Date of this Version

1-1-2009

Document Type

Journal Article

Publication Details

Submitted Version.

Kale, S. H., & Spence, M. T. (2009). Casino customers in Asian versus Western gaming jurisdictions: Implications for Western casino operators. Worldwide Hospitality and Tourism Themes: How Can Casino Gaming be Used to Maximise the Benefits for Tourism Destinations?, 1(4), 320-331.

Access the publisher

2009 HERDC submission. FoR code: 1504

© Copyright Emerald Group Publishing Limited, 2009

Abstract

Purpose – Most of the growth in casino expansion for the foreseeable future will take place in Asia. Western casino operators appreciate the immense opportunities afforded by the Asian markets, but judging by their performance abroad some have not adapted in ways necessary to survive and prosper. The purpose of this paper is to expose key differences between Asian and Western gaming jurisdictions. In light of these differences, it is a serious mistake for Western casino executives to follow an ethnocentric approach when planning marketing activities and customer service initiatives for Asian customers. To rectify this situation, a framework is advanced that will assist Western operators to adapt to Asian markets.

Design/methodology/approach – Differences between Asian and Western gamblers in both their game preferences and behaviours are based upon cited data sources and upon the authors' observations during field trips to various casino jurisdictions. When appropriate, insights gleaned from a series of informal interviews conducted with senior executives in Macau as well as gaming-related consulting conducted by the authors in both Asia and North America are shared, albeit for legal reasons the sources are confidential. The TROPICS framework presented herein was developed by the lead author and presented to senior gaming executives at the University of Nevada, Reno 2008 executive development program. The seven elements of this framework – now refined – are targeting, retention, organization, people, incentives, culture, and systems.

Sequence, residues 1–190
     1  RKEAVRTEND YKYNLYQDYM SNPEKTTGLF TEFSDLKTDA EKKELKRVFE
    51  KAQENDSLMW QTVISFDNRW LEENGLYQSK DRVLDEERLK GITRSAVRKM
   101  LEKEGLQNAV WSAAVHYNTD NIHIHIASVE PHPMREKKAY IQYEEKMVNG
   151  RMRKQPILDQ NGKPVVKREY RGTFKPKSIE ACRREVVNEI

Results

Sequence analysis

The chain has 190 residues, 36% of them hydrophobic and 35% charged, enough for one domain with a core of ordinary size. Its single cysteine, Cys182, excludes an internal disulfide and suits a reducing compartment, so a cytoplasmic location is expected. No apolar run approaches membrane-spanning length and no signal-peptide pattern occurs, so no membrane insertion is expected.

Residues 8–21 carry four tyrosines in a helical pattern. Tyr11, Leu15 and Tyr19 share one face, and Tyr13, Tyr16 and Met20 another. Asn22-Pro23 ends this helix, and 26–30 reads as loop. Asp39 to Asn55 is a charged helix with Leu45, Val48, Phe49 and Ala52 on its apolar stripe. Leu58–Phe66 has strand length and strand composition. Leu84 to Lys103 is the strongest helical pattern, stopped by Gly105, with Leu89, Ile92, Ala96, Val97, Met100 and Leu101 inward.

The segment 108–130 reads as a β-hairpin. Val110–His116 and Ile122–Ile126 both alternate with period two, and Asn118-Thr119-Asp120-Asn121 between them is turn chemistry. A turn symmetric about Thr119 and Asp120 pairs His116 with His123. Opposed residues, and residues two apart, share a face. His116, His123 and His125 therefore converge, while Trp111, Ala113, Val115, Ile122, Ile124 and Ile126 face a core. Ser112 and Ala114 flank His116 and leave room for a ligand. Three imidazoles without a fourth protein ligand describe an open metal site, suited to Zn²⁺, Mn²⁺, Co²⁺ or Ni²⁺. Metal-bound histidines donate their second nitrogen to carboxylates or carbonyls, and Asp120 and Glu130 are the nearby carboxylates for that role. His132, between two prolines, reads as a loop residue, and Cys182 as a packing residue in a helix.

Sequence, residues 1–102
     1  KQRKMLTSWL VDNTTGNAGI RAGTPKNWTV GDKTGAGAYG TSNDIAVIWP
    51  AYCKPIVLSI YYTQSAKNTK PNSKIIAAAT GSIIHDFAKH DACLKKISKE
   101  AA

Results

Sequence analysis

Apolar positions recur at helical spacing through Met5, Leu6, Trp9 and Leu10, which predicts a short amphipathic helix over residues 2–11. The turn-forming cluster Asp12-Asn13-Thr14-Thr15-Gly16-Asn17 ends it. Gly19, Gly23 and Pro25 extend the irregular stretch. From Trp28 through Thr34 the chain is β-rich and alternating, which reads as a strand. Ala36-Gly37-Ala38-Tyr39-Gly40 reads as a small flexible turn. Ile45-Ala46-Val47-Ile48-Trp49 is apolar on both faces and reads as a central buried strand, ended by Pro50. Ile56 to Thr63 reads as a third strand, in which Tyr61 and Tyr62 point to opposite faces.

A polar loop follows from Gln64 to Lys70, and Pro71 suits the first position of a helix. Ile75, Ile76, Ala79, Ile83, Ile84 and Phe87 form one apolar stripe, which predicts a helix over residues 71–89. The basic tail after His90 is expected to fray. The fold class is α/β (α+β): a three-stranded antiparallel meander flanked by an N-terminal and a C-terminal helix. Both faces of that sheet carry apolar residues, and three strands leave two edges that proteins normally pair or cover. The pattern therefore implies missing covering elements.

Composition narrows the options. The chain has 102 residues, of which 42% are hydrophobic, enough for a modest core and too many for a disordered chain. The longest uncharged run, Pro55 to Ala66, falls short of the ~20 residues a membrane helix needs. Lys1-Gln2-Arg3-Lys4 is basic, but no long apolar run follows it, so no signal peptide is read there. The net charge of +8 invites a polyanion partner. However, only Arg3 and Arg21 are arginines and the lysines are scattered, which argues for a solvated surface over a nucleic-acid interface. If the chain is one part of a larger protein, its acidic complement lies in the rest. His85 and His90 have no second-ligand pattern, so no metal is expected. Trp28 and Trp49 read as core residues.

Findings – This paper concludes that in order to better serve Asian markets, there is an urgent need to empirically assess patron behavior and the attendant casino marketing adaptations that will be required to succeed in these markets.

Practical implications – A series of questions and issues related to each of the seven elements in the TROPICS framework are raised. The proposed framework is equally applicable to firms operating in Western countries as well as those in Asia; however, when put into practice, the outcome will be different marketing strategies adapted to each casino's market structure and macro-environment. Regardless of context, this systematic approach to strategy formulation will ensure consistency and alignment across various elements of strategy.

Originality/value – The paper identifies the differences between Asian and Western gamblers to assist Western operators to adapt to Asian markets.

 

This document has been peer reviewed.

 

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